Identifying potential issues in your Will today could save you thousands in legal fees later! The following article describes some of the common issues that I am seeing in the Wills crossing my desk:
- Accidental Revocation of Other Wills. The revocation clause usually appears at the beginning of the Will. If you have a Will in another jurisdiction, or a second will that governs the disposition of your private business interests, it is important that you are not inadvertently revoking other Wills that you intend to be valid on your death. Codicils to one Will are more often the culprit in this area.
- No Mechanism for Replacement Trustees. Without an appropriate replacement provision, the resignation or renunciation of a Trustee or Executor may require a court-application. Although most Wills today have alternate Trustee and Executor appointments, they often miss the replacement mechanism, especially where testamentary trusts are involved.
- Missing Trusts for “Potential” Minor Beneficiaries. Where the principal beneficiaries under a Will are over the age of majority, trusts for minors are usually not contemplated. But if a principal beneficiary dies, leaving children of his or hers surviving, who would inherit their parent’s share, a minor’s trust may be necessary. Without this, payments over $10,000 are paid into court until the beneficiary turns 18. It may be more efficient to have the beneficiary’s inheritance managed by your Executor or another relative.
- No Mechanism to Deal with Sentimentals. You may never think in a million years that your family members would argue about who would get your wedding ring, your watch, your raptors tickets, that Royal Daulton collection, the family portrait, the painting in your living room, your guitar, your old baseball card collection, but it happens! Identify these items in your Will with instructions to your Executor as to how to deal with them. Auctions, coin tosses and picking straws may seem trivial but can keep these issues out of the courtroom!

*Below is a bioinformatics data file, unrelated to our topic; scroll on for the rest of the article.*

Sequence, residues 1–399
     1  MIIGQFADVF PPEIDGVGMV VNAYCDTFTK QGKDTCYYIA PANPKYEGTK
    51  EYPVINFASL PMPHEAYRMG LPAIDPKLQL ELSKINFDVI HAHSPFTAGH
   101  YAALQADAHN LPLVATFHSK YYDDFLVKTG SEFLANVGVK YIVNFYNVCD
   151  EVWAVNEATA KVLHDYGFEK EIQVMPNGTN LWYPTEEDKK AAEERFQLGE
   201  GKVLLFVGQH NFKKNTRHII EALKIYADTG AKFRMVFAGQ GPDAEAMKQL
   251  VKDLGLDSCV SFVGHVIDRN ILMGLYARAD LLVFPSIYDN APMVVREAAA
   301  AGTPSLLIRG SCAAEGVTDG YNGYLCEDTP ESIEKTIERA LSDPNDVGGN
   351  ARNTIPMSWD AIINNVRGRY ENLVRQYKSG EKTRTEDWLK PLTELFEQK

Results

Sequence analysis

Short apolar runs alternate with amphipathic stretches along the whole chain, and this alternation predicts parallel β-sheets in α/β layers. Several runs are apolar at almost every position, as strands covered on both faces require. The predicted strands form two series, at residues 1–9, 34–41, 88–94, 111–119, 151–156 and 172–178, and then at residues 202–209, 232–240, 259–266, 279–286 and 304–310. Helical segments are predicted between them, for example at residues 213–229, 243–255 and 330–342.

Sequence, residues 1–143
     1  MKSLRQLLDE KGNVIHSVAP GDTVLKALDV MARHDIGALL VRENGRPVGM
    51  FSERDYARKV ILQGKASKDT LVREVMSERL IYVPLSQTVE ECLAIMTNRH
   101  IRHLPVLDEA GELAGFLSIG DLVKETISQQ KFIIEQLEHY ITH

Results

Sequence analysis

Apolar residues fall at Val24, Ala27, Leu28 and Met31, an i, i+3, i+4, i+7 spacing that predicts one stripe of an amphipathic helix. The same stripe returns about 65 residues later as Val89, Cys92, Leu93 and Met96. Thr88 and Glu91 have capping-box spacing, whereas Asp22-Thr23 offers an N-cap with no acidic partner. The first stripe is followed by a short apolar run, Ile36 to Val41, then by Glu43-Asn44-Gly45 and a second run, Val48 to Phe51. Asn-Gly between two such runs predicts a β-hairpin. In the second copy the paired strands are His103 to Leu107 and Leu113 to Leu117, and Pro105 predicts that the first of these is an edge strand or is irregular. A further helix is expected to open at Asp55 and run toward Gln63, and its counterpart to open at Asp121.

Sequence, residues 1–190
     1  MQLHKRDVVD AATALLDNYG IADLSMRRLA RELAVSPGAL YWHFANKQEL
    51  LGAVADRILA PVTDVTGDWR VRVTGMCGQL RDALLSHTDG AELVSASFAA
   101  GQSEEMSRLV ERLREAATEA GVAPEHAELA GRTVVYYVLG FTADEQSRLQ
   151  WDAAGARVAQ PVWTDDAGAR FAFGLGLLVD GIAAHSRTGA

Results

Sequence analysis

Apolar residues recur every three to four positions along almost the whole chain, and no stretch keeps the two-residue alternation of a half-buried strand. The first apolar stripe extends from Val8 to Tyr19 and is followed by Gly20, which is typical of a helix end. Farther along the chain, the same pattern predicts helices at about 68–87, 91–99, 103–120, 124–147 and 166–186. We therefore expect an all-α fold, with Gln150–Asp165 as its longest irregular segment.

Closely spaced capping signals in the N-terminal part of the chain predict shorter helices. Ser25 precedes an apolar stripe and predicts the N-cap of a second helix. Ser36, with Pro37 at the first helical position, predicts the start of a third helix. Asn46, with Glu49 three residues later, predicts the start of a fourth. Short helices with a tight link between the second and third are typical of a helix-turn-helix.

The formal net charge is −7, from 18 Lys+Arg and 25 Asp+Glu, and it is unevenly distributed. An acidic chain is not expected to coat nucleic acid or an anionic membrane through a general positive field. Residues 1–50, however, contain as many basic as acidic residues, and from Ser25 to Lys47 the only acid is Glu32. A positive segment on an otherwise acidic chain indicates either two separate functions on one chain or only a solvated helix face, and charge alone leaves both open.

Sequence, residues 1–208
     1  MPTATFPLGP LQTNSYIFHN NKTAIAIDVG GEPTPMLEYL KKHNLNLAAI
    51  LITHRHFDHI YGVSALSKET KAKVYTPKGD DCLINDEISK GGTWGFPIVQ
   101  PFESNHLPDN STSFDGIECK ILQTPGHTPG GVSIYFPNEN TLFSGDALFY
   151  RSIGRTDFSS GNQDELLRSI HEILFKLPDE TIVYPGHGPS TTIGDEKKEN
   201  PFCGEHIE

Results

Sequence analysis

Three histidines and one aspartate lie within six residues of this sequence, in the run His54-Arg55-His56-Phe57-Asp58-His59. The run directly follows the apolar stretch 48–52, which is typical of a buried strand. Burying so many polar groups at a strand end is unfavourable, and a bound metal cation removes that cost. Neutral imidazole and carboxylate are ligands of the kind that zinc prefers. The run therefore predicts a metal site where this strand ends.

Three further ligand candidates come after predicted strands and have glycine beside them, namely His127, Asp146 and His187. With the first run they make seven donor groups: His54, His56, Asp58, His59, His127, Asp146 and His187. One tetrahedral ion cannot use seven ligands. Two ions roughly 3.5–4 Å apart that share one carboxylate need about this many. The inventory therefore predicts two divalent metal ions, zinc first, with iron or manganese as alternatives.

- Missing the Affidavit of One Witness. All Wills that are registered with the court on death and subject to what we call the “probate” process, require a sworn affidavit by one of the two persons who witnessed the signing of the Will. If your Will does not already have the affidavit attached, it may be too late when the time comes to locate one of the two witnesses to swear this for you. A missing affidavit will not invalidate your Will, but it can make the probate process more cumbersome and more costly without it. I suggest you track down one of your witnesses today and get this document in hand.
I could certainly list another 20 or more issues that I have seen with recent Wills. If you are in doubt, it may help to have your Will reviewed by an Estate lawyer (such as myself) that did not draft your Will to see if there are any holes that need to be plugged. A second opinion usually helps and may give you some peace of mind. Your Will should serve your Executor as a clear outline of how to deal with your Estate on your demise and should facilitate a smooth and efficient transfer of your wealth to your intended beneficiaries.
“While my job title may be ‘lawyer’, I like to think of myself as an elder advocate, trusted advisor and, most importantly, someone who just simply cares.”
Kavina Nagrani practices in the areas of:
- Elder Law
- Wealth Management / Estate & Trust Planning
- Capacity & Guardianship Law
- Wills & Estates & Powers of Attorney
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This article contains general information only. Legacies & Liberties is a brief canvasing of the topic presented and should not be relied upon as professional advice in making any personal or business decisions. Always consult with a licensed legal professional before making any decisions regarding your own personal or business needs. The author takes no responsibility to update any of the information presented in this article. All rights reserved. © Looptra Nixon LLP 2017